Pete Kelly's Blues lobby card
Pete Kelly's Blues lobby card

Pete Kelly's Blues began as an unsponsored replacement series for The Halls of Ivy after a 13 February audition. It debuted on NBC on 4 July, 1951 and aired on Wednesday nights in most markets (Saturdays in others). It was created by Richard L. Breen, who'd previously worked with Webb on the wonderful and not-at-all dissimilar radio noir series, Pat Novak, for Hire, which Webb had left in 1947. Throughout the series' short run, Webb continued to star on both the radio version of Dragnet, which ran from 1949 until 1957, and the television version, which began a few months after Pete Kelly's Blues and continued to air until in its first run until 1959).

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Stories start in many ways -- a look back at old time radio's Night Beat

Posted by Eric Brightwell, February 20, 2014 02:45pm | Post a Comment
Frank Lovejoy at NBCIn the Golden Age of Radio, NBC produced some of the medium's best crime dramas, programs like The Adventures of Philip MarloweThe Adventures of Sam Spade, ConfessionDragnet, and Tales of the Texas Rangers. Another -- although sadly not well-remembered today -- was Night Beat, which debuted on 6 February, 1950 and aired not just in the US, but Australia and South Africa as well. 

The plot of Night Beat revolves around a reporter named Randy Stone who works for the fictional Chicago Star newspaper. In the process of writing his human interest column, "Night Beat," Stone passes in and out of the lives of night owls, underworld figures, lost souls, and other denizens of an improbably noir Chicago

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Somebody Knows and Wanted -- Golden Age Radio's great unsolved mysteries

Posted by Eric Brightwell, July 2, 2013 12:31pm | Post a Comment

In the wake of Dragnet's success for NBC (after having been rejected by CBS), radio audiences more and more craved authenticity from their crime dramas. Programs like Gang Busters (1936-1957) and This is Your FBI (1945-1953) claimed to be based on authentic cases, but were less realistic and adult in tone than the true crime series of the 1950s. Most of the scores of earlier hard-boiled detective shows were often utterly implausible, even when enjoyable. As they often did, in the summer of 1950, CBS and NBC went head to head with two similar programs that aimed to up the authenticity stakes, Somebody Knows and Wanted.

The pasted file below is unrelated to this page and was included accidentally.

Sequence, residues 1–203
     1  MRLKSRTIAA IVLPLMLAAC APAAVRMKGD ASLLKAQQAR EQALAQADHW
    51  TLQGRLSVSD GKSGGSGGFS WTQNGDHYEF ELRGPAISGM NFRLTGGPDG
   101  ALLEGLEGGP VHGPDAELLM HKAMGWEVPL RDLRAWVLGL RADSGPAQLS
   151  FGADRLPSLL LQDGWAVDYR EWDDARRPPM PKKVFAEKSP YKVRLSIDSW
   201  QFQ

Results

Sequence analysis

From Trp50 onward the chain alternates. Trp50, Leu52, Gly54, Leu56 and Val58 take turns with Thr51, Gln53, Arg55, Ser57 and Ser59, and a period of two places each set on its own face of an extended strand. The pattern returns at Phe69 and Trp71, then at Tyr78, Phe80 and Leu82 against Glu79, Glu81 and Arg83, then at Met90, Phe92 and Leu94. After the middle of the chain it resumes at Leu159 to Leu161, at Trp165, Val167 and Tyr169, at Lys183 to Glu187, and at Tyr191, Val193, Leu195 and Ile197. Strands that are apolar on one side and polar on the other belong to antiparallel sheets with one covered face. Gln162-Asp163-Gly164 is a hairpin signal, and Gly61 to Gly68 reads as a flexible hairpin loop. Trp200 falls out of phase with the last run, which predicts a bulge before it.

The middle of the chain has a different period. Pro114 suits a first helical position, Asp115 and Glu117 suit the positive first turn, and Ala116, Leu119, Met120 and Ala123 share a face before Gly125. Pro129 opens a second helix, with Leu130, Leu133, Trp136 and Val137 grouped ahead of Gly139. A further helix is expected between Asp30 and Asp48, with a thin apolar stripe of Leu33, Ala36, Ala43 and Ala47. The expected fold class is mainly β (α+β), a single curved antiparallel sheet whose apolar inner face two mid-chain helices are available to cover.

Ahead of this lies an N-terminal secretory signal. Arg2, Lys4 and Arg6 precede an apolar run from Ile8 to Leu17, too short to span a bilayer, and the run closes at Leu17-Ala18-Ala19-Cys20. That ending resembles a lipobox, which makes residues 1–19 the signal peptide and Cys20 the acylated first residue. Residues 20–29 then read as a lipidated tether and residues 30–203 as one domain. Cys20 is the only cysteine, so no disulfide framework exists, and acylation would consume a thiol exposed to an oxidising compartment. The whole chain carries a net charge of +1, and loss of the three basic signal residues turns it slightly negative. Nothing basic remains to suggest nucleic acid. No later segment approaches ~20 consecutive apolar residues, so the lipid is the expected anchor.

*****

SOMEBODY KNOWS

Somebody Knows debuted on 6 July, 1950 as that year's summer replacement for Suspense (1942-Elizabeth Short1962). Through narration and dramatizations, the known facts of unsolved crimes were presented and listeners who provided information leading to the conviction of a criminal in one of the profiled cases would get $5,000 for their effort (more than $47,000 in 2013, adjusted for inflation). Unable to find a sponsor, independent series creator Jimmy Saphier put up $40,000 of his own money. In a promotional interview Sapphier stated, "I don't care if we only have one listener. As long as he's the guy who knows who did it--and will rat on his pals."